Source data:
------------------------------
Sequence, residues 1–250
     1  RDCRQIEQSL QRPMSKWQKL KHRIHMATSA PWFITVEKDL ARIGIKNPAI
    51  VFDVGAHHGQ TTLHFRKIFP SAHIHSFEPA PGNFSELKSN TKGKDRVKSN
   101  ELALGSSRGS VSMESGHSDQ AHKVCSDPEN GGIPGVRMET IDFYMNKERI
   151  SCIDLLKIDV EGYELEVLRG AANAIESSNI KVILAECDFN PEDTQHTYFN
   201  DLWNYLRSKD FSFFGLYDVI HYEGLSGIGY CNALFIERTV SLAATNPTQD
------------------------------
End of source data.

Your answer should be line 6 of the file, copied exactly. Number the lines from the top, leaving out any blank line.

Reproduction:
   201  DLWNYLRSKD FSFFGLYDVI HYEGLSGIGY CNALFIERTV SLAATNPTQD